Your property may be repossessed if you do not keep up repayments on your mortgage with Cambridge Building Society.
Preparing the Transfer of Equity with a Cambridge Building Society Mortgage
When it comes to preparing the the Land Registry documents your conveyancer should in the ‘consideration’ panel choose the first option, if consideration is given; otherwise ignore the consideration panel altogether.
If Cambridge Building Society is joining in the transfer to release someone from liability, put the release in the ‘additional provisions’ panel if someone is entering into a covenant relating to the charge, place it in the ‘additional provisions’ panel stamp duty land tax is not payable when there is no chargeable consideration for the transfer (Schedule 3, paragraph 1 of the Finance Act 2003). In the case of a transfer subject to a charge (even if the transfer is by way of gift) or if a property has been transferred for no value and there is an associated discharge, HMRC would view this as an assumption of an existing debt by the purchaser (Schedule 4, paragraph 8 of the Finance Act 2003) and stamp duty land tax may be payable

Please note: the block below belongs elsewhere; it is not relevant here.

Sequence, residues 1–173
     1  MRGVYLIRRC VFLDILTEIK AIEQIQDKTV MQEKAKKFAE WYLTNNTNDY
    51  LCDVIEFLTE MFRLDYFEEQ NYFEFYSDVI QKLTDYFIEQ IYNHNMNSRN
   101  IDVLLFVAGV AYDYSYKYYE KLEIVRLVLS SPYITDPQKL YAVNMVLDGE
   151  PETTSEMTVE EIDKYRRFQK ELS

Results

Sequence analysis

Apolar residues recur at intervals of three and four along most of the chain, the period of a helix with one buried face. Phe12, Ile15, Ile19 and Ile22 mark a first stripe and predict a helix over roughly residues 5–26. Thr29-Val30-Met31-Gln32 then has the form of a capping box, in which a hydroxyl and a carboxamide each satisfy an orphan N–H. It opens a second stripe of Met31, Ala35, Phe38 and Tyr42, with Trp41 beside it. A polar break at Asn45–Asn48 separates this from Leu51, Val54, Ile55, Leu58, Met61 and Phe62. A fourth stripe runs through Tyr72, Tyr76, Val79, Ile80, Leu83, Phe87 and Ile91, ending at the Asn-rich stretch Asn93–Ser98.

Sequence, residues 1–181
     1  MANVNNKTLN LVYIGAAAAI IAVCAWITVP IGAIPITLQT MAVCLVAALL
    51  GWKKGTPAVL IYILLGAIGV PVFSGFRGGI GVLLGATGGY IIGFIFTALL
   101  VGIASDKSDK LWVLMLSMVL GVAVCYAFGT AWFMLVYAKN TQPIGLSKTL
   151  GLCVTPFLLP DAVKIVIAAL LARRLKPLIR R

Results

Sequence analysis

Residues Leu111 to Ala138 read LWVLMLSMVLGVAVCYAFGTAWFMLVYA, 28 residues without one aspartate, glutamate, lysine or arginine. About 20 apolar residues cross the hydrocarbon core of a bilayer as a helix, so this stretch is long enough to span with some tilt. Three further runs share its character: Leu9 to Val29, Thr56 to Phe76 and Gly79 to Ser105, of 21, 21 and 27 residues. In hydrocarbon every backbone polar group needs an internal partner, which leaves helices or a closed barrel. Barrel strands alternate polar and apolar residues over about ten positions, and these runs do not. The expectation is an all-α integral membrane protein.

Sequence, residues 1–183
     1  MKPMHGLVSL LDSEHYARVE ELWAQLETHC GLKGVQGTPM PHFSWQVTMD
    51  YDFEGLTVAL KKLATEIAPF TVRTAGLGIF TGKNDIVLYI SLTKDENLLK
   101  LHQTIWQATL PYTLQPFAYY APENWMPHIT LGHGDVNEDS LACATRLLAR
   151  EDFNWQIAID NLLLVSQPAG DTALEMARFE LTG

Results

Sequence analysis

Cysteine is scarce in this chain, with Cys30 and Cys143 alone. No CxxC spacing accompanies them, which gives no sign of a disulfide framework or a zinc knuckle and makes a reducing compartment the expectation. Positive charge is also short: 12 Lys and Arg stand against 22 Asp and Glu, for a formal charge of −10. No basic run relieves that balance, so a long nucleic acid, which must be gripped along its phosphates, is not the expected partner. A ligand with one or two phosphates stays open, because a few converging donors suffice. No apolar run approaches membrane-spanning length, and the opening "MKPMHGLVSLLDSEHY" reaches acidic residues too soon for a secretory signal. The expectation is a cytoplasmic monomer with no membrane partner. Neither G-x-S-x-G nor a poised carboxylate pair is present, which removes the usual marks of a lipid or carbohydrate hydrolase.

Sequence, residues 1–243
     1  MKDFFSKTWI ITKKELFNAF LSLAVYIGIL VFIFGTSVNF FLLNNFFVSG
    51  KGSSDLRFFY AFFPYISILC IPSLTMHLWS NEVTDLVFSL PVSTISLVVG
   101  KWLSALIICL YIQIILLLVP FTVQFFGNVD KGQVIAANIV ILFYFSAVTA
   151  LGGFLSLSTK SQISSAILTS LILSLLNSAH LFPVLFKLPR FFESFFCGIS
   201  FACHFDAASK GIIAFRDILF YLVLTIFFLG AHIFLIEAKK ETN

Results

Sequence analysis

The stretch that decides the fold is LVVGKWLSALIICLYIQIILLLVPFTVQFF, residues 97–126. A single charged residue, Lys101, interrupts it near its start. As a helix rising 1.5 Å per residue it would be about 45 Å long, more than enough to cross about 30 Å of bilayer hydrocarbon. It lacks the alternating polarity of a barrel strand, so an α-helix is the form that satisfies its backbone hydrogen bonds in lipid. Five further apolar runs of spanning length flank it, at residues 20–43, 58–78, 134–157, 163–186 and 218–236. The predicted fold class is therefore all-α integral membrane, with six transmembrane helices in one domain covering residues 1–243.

if you wish you may state in the ‘additional provisions’ panel that ‘This transfer is made subject to a charge dated… in favour of…’
On form AP1, your conveyancing solicitor should describe the transfer as ‘transfer of equity’ to assist Land Registry staff.
Information contained within this webpage is for general information and only applies to England and Wales. It does not constitute advice for members of the public who should contact their lawyer,mortgage broker, insurer and accountant for specific advice relating to transfer of equity. Whilst we endeavour to keep the information up to date and correct we do not make any representation or warranties of any kind about its completeness, accuracy, reliability or suitability. Any reliance you place on the information is strictly at your own risk. Lexsure will not be liable for any direct or indirect loss or damage arising out of or in connection with the use of this information.